Monday, July 19, 2010

Macbeth- Week Four Rehearsals

Death to the Tyrant!

Act II is worked through! We just may have a play on our hands. A month into the rehearsal process and there is still a way to go in creating an experience for the audience (hopefully the experience of dirty, sexy fun).

The blocking and working of Act II had its own challenges in contrast to those of Act I. While Act I must work to grab the audience's attention and pull them into this slick, down-and-dirty world we are creating, it must also set up the characters in a thoughtful and nuanced way so that the unraveling that occurs in Macbeth, Lady Macbeth, and Macduff has a strong emotional impact. The rhythm of the first half of them play is somewhat (and deliberately) irregular. The brutal street brawl, passionate exchanges between the Macbeths should feel quick, almost frantic. Most of Act I, however, allows the audience to take pause and let the story develop and Macbeth to reveal his calculating, methodical killer-instinct.

Act II, on the other hand, starts with the banquet scene and should become increasingly manic until the play's climax. The challenge is, of course, building up this energy so that the final battle between Macbeth and Macduff is raw and memorable without losing the poignancy of Macbeth's existential crisis and Lady Macbeth's nightmarish levels of regret and guilt.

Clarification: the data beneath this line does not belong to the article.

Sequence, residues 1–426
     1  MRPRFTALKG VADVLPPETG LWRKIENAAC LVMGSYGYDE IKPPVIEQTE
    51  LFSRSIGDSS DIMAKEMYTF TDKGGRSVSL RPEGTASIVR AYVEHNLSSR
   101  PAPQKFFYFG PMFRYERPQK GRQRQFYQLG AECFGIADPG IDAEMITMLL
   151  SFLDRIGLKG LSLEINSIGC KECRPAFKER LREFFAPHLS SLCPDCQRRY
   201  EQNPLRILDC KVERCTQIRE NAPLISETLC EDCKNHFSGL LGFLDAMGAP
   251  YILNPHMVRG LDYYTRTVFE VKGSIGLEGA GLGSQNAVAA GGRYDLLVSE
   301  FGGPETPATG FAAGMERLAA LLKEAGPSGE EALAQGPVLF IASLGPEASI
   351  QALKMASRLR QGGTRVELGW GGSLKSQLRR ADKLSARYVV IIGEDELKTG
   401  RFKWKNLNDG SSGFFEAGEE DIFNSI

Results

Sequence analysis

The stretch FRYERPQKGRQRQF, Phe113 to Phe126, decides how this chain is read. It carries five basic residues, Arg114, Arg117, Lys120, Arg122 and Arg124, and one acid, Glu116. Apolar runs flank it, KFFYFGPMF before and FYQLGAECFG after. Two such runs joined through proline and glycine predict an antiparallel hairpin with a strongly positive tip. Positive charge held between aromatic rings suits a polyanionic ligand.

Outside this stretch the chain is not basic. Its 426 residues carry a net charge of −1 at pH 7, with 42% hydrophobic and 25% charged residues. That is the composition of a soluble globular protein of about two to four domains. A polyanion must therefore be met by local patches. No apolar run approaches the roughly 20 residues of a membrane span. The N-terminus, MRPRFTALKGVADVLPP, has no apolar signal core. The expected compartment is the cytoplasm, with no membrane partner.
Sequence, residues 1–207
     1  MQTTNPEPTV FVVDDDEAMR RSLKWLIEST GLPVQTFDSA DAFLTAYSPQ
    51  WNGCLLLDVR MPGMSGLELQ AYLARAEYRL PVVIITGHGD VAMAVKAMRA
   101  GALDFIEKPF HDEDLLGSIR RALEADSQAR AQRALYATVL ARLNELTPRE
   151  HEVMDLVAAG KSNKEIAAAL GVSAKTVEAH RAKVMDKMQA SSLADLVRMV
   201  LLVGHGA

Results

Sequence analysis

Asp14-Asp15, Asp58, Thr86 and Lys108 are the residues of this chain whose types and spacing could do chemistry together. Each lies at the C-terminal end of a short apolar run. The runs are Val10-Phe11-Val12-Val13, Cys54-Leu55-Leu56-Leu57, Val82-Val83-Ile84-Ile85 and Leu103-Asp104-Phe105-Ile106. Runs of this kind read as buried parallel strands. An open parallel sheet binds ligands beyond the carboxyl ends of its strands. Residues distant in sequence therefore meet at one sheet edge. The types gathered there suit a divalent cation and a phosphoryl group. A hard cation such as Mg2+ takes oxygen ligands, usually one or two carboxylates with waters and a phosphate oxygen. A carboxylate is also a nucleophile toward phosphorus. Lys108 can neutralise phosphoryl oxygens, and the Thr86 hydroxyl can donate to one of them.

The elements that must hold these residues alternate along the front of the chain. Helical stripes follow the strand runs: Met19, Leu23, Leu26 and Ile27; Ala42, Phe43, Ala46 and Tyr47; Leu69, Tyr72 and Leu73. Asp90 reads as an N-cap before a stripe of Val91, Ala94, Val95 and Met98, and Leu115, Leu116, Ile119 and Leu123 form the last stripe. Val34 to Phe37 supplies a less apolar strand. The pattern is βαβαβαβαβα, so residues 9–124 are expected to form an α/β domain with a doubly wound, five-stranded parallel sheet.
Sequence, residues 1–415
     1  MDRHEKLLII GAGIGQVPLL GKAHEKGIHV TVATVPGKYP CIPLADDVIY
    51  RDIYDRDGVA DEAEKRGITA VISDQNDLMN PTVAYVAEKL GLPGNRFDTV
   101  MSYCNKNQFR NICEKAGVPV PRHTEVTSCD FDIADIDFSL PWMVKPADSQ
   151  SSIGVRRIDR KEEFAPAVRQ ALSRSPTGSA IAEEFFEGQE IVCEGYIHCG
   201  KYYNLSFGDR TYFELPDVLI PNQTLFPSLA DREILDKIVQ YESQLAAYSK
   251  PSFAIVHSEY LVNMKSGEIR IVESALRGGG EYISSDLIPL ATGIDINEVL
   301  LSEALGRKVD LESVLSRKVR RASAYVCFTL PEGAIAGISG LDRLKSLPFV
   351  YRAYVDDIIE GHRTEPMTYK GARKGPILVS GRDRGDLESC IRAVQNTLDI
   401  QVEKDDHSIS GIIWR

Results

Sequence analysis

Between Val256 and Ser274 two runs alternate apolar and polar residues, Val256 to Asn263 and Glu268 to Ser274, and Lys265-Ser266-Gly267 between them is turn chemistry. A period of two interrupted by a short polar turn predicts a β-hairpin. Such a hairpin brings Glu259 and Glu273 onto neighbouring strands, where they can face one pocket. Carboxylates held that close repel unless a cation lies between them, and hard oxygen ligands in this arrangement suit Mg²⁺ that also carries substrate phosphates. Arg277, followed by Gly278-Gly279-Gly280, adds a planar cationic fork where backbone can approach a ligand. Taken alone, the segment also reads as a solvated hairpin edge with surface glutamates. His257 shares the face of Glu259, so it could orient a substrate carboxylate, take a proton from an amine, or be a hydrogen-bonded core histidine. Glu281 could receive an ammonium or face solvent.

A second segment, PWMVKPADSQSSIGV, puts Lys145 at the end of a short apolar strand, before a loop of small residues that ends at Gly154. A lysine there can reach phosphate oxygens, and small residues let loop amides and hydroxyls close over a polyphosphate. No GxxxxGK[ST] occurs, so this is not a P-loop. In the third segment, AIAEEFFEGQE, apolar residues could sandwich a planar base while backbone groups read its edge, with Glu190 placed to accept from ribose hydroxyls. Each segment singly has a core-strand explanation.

Act II is also interesting to stage in the space because of the three scenes that require the entire cast. The banquet and the apparition scenes both occur in Act II and this requires a level of detail in keeping the other characters engaged with the action without things becoming distracting from the main dialogue exchanges. The lack in lighting equipment to direct the audience's focus in the Quad means developing ways to tell the story from every vantage point. While this should be true of any play in any space, its vitally important in the Quad where there are few places outside the MU that actors can be "off stage."

As always, in working through the scenes some wonderful discoveries were made that further contrast first and second parts of the play. While in the beginning, Macbeth is extremely controlled and rational, he becomes emotionally erratic, manic, and unpredictable. Part of this, we found yesterday, is played out with and inversion of the power dynamic between Macbeth and Lady Macbeth. One or the other always assumes the dominant role in their relationship. It is written to be extremely balanced, until he starts to slip away. It is interesting that this couple, so loving and supportive of each other, is capable of such "direst cruelty." Their love story is a fascinating study because they really fall apart when they no longer have their "dearest partner of greatness."

The fight scenes were another element that really came to life this week. Putting the finishing details on the multiple (and horrifying) displays of violence further enhance the raw savagery of Macbeth's world. Now . . . if only I can devise some other challenges to fling in the actors' paths . . . hmmm.

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